Biomechanical investigation of long spinal fusion models using three-dimensional finite element analysis
BMC Musculoskeletal Disorders volume 24, Article number: 175 (2023)
This study represents the first finite element (FE) analysis of long-instrumented spinal fusion from the thoracic vertebrae to the pelvis in the context of adult spinal deformity (ASD) with osteoporosis. We aimed to evaluate the von Mises stress in long spinal instrumentation for models that differ in terms of spinal balance, fusion length, and implant type.
In this three-dimensional FE analysis, FE models were developed based on computed tomography images from a patient with osteoporosis. The von Mises stress was compared for three different sagittal vertical axes (SVAs) (0, 50, and 100 mm), two different fusion lengths (from the pelvis to the second [T2-S2AI] or 10th thoracic vertebra [T10-S2AI]), and two different types of implants (pedicle screw or transverse hook) in the upper instrumented vertebra (UIV). We created 12 models based on combinations of these conditions.
The overall von Mises stress was 3.1 times higher on the vertebrae and 3.9 times higher on implants for the 50-mm SVA models than that for the 0-mm SVA models. Similarly, the values were 5.0 times higher on the vertebrae and 6.9 times higher on implants for the 100-mm SVA models than that for the 0-mm SVA models. Higher SVA was associated with greater stress below the fourth lumbar vertebrae and implants. In the T2-S2AI models, the peaks of vertebral stress were observed at the UIV, at the apex of kyphosis, and below the lower lumbar spine. In the T10-S2AI models, the peaks of stress were observed at the UIV and below the lower lumbar region. The von Mises stress in the UIV was also higher for the screw models than for the hook models.
Higher SVA is associated with greater von Mises stress on the vertebrae and implants. The stress on the UIV is greater for the T10-S2AI models than for the T2-S2AI models. Using transverse hooks instead of screws at the UIV may reduce stress in patients with osteoporosis.
The number of patients with adult spinal deformities (ASDs), such as degenerative scoliosis and kyphosis, continues to increase . Severe spinal deformities tend to cause pain due to the deformity itself and can profoundly restrict activities of daily living.
ASDs are commonly treated via corrective spinal fusion using different types of metal implants, which can be made of various materials. Nonetheless, many limitations of ASD surgery remain to be resolved. For example, in most patients with ASDs, spinal malalignment often calls for long spinal fusion surgery from the thoracic spine to the pelvis. However, extensive fusion has been associated with various complications, such as loosening or dislocation of implants and adjacent vertebral fractures around the implants, especially in patients with osteoporosis. Therefore, minimizing these complications is mandatory. At present, there is no clear consensus on the optimal spinal alignment, fusion length, and implant types for reducing the risk of implant-related failure. In addition, few studies have investigated biomechanical stress in long spinal fusion models using three-dimensional finite element analysis (3D-FEA) .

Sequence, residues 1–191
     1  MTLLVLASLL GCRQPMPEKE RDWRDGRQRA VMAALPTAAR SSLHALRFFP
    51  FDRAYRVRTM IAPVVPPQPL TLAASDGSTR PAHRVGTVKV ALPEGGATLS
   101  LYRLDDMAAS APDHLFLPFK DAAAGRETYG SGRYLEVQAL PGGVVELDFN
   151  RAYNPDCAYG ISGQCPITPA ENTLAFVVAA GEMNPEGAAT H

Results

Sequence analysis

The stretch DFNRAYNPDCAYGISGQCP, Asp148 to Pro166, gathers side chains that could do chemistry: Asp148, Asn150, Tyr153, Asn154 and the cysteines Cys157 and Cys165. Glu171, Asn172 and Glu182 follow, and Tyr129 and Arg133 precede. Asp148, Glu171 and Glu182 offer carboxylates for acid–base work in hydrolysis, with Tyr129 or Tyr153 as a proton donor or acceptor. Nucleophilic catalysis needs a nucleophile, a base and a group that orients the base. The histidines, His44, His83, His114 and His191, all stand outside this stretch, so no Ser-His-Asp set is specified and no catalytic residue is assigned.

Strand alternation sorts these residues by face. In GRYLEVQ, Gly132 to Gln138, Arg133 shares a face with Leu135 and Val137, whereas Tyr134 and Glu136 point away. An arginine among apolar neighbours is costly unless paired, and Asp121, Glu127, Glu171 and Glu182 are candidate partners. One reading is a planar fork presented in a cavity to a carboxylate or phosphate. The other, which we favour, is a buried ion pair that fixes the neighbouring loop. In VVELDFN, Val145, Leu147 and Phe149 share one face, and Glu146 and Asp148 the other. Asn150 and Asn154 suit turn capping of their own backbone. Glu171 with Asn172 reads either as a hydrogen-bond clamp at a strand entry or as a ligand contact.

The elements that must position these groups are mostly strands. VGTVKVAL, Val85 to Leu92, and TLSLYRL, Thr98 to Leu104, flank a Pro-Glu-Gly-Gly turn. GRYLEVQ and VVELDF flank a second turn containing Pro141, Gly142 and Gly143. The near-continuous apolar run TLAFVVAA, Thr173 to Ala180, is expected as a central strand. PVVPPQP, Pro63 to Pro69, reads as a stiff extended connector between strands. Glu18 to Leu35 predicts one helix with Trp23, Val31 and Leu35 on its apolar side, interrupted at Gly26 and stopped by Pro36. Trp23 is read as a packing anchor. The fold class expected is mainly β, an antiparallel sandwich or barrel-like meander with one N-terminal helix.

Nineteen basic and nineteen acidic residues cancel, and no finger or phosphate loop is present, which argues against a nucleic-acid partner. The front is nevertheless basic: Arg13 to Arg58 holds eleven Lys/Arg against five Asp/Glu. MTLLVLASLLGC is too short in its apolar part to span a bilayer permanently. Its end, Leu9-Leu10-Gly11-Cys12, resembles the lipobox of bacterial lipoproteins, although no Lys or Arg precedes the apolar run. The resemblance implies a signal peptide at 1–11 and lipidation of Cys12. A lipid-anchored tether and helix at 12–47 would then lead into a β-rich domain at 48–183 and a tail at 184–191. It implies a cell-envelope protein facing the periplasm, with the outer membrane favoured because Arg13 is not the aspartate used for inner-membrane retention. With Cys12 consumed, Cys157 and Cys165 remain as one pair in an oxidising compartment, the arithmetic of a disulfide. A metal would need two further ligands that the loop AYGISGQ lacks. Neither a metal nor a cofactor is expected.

In this study, we utilized 3D-FEA to investigate the changes in von Mises stress on the vertebrae and implants among osteoporotic long-instrumented spinal fusion models that differed with respect to spinal alignment, fusion length, and implant type.
Materials and methods
Creation of a whole-spine model extending from the thoracic spine to the pelvis
In this study, we used 3D-FEA software (Mechanical Finder [MF], version 10.0, Extended Edition, RCCM Co. Ltd., Tokyo, Japan). We analyzed computed tomography (CT) data obtained from a 64-year-old woman with a bone mineral density of 0.717 g/cm2. CT was performed at 0.625-mm intervals from the cervical spine to the pelvis, and the CT data were transferred to MF. The ethics committee of our institute approved the use of this patient’s CT data (Approval No. 1748). We created 3D-FEA bone models from the first thoracic vertebra (T1) to the pelvis by extracting bone contour lines using MF. The models consisted of tetrahedral elements with a length of 1.4 mm.
We derived the mass density of the bone ρ (g/cm3) from the CT value (Hounsfield Unit, HU) and calculated the non-homogeneous Young's modulus distribution based on Keyak's formula [3, 4] to determine the material properties of the finite elements. The Young's modulus E (MPa) is expressed as indicated in Formula 1, as follows:
Figures 1A and B show the diagrams of element decomposition and non-homogeneous Young's modulus distribution, respectively. Table 1 shows the Young's modulus and Poisson's ratio values for the vertebral body and intervertebral discs.